Review: Mark Thomas, Cuckooed. New Wolsey Theatre, Sunday, February 22.

Comedian and political activist Mark Thomas. Photo Steve Ullathorne

Comedian and political activist Mark Thomas. Photo Steve Ullathorne - Credit: Archant

’m not going to lie – I sort of knew this would be a good review before I saw the show.

For those who have seen and admired Mark Thomas’ work before, you’ll know what to expect. He is an engaging storyteller who is hilarious yet sensitive, and has an incredible thirst for fighting injustice in the world-whether it be tackling arms dealers or stopping people from reading the Daily Mail.

In the first half, Thomas explained his year-long mission to achieve 100 acts of minor dissent (which he has made into a show), with the forfeit of giving a cash donation to UKIP. He amused us with his tales of mischief making, such as carrying a plank through London (this is illegal apparently), painting the word ‘Heckle’ on it and leaving it at an art exhibition ­– where it stayed for 4 weeks and got reviewed.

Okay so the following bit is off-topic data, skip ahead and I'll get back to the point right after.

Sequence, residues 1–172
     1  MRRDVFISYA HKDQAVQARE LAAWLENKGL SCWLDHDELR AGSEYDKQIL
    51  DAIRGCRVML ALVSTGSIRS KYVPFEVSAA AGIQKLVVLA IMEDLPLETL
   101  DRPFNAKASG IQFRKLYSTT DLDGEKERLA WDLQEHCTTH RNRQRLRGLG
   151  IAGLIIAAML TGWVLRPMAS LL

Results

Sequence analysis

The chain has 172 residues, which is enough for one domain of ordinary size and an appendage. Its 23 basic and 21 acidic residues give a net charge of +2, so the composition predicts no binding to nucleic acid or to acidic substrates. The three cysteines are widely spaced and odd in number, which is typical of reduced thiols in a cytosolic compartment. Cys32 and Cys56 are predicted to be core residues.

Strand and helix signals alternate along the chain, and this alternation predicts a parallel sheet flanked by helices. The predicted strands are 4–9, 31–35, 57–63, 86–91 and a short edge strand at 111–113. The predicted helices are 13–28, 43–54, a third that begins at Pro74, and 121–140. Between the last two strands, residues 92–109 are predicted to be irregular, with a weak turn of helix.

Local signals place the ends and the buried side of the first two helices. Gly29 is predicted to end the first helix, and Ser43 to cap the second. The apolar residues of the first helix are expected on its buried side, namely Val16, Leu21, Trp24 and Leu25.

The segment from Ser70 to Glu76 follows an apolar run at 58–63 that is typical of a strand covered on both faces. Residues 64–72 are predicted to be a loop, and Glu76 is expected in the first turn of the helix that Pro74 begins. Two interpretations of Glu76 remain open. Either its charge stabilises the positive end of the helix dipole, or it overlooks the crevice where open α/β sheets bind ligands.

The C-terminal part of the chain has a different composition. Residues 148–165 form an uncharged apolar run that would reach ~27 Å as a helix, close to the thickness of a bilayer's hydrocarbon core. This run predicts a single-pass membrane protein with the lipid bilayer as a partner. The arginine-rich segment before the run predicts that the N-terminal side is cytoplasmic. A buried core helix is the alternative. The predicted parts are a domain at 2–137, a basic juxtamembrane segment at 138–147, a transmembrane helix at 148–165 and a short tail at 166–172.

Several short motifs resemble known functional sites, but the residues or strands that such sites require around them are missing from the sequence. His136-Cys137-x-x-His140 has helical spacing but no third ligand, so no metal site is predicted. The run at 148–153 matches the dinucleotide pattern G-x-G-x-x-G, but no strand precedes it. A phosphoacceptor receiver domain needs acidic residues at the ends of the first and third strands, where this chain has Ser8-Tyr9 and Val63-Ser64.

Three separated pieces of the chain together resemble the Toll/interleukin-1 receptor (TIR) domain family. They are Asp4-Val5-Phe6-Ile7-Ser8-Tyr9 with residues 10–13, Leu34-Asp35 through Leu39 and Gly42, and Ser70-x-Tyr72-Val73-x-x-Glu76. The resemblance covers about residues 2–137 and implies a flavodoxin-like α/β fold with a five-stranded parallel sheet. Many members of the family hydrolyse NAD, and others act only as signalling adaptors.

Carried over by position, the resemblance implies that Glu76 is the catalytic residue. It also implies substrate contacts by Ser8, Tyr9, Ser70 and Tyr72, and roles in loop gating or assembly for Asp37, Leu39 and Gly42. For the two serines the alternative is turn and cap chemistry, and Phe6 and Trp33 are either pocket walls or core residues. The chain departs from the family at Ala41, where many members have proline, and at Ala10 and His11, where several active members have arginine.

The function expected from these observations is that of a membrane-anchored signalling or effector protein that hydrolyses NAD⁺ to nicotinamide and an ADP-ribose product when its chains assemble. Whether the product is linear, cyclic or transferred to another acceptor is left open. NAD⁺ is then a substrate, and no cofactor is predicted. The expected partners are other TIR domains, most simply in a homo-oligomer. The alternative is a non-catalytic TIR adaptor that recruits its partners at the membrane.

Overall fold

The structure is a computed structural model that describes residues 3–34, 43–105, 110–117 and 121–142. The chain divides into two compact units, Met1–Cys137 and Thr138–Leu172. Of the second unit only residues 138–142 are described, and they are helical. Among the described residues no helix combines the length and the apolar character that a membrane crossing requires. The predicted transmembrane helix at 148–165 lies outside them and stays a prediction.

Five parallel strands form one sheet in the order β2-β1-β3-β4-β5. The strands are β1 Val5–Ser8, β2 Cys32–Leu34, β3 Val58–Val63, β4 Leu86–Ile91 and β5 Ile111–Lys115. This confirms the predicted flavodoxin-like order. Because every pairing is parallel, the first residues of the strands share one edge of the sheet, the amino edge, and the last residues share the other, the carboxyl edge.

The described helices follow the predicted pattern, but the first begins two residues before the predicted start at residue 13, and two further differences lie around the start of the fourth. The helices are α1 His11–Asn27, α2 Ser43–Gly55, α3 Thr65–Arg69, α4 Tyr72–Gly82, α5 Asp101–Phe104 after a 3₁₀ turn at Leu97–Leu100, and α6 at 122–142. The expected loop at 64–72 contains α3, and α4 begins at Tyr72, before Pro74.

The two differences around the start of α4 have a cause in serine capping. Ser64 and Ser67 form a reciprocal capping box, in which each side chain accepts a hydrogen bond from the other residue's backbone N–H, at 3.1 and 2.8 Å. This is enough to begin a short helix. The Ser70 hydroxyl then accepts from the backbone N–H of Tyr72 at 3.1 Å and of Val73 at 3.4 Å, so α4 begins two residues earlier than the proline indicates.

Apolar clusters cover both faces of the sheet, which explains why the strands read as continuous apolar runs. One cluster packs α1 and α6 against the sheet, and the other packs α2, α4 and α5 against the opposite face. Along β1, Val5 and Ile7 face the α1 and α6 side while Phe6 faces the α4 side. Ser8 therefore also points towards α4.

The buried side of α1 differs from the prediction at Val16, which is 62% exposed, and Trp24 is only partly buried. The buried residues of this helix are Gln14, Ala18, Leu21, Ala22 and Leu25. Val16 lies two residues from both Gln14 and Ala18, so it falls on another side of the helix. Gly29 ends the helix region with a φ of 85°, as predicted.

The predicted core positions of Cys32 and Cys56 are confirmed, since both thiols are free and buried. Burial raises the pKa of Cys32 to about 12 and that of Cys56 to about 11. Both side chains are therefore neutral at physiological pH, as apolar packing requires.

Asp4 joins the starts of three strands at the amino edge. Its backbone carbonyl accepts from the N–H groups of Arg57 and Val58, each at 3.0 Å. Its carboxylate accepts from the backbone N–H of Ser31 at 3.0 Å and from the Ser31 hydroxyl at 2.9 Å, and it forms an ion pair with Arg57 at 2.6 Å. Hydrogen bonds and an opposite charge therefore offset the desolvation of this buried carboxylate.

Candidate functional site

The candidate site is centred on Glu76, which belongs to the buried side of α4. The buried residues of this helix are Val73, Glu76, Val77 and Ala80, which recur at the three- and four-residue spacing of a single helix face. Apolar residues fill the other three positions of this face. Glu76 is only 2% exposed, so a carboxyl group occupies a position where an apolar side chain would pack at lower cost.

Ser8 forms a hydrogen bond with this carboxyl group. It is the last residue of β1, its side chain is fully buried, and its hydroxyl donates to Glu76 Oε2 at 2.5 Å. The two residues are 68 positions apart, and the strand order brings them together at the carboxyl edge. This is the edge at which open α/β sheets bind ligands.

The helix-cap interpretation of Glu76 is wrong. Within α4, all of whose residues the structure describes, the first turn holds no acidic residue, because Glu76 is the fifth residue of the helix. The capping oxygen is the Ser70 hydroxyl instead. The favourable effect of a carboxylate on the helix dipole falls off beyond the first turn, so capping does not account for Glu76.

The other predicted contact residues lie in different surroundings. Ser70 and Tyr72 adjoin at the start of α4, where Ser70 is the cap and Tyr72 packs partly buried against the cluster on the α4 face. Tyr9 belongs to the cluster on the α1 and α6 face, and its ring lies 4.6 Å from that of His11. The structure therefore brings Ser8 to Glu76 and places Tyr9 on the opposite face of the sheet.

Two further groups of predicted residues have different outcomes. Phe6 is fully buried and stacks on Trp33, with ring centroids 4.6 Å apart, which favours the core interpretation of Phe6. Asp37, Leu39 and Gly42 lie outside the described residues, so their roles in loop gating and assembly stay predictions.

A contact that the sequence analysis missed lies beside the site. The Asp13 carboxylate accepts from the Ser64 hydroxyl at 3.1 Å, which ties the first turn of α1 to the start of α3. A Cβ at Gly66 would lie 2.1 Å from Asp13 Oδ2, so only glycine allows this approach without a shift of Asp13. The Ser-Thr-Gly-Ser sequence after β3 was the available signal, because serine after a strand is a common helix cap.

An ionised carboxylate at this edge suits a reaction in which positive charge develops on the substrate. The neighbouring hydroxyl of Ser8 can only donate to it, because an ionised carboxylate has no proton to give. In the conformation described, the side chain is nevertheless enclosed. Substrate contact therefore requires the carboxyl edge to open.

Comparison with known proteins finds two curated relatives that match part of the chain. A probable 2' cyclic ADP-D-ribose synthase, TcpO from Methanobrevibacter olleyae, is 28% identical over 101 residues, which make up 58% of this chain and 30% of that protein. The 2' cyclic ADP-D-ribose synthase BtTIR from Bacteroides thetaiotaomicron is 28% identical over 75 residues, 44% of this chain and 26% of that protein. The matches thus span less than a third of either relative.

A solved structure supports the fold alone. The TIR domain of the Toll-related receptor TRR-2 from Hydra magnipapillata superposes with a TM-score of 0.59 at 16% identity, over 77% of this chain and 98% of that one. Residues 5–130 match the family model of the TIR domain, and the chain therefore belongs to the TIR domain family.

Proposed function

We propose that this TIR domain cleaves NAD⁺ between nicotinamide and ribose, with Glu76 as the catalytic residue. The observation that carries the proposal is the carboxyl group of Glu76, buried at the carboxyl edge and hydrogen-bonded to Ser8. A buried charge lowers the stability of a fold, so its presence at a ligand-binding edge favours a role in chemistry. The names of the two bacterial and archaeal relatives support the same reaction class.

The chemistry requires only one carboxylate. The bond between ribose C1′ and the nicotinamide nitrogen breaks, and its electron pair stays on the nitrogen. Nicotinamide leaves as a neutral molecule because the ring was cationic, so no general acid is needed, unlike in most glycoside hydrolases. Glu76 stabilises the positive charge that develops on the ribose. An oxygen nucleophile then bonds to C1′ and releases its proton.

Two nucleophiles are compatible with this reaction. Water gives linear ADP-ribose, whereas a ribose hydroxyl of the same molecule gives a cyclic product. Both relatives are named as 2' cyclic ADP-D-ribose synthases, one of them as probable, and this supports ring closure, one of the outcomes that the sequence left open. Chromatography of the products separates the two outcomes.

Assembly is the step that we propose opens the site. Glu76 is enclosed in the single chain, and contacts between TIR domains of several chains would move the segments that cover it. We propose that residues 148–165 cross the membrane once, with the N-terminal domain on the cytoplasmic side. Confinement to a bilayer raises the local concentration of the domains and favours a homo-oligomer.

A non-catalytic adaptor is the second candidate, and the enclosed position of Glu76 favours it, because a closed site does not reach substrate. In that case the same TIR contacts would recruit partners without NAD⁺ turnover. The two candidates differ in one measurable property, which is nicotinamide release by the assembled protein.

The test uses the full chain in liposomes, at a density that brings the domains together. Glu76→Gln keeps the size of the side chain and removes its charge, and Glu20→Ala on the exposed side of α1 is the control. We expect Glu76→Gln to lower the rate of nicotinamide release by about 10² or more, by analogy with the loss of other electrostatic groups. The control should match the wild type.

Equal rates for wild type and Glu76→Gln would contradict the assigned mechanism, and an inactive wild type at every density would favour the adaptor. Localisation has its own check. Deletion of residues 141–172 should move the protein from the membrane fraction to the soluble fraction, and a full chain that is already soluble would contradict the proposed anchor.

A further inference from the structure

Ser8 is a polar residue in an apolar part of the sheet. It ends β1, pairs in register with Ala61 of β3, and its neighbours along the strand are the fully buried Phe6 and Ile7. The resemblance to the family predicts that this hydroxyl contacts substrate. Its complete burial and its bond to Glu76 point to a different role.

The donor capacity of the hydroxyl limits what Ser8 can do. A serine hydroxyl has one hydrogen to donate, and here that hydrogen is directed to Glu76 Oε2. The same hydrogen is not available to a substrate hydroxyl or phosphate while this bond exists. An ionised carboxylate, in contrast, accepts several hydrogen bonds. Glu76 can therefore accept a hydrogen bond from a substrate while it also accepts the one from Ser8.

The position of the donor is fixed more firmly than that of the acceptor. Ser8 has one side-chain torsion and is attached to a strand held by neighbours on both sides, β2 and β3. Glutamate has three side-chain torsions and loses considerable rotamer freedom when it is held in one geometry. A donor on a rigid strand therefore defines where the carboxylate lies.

He also set up a website calling on people to create new definitions for ‘Farage’ (pronounced as in ‘gay marriage’) and the winning entry was ‘the liquid found at the bottom of a bin’. He hopes this will one day make common parlance.

The second half took on a more serious tone as Thomas introduced us to a story of betrayal.


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With the help of video clips from others, he built up a picture of one of his best friends, a loveable, seemingly loyal fellow activist, whom he calls Martin. On discovering Martin has been accused of being a corporate spy for an arms company, Thomas is beyond shattered. His sadness at losing this friendship and being duped is a loss that the comic continues to grieve.

Throughout the performance, which was laced with humour and poignancy, he was able to switch tones effortlessly, and all completely genuine.

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It is also impressive how he commands such stage presence for a one-man show. He draws you in with this fascinating tale, and leaves you feeling both reflective and inspired.

Quite simply- brilliant.

Naomi Gornall

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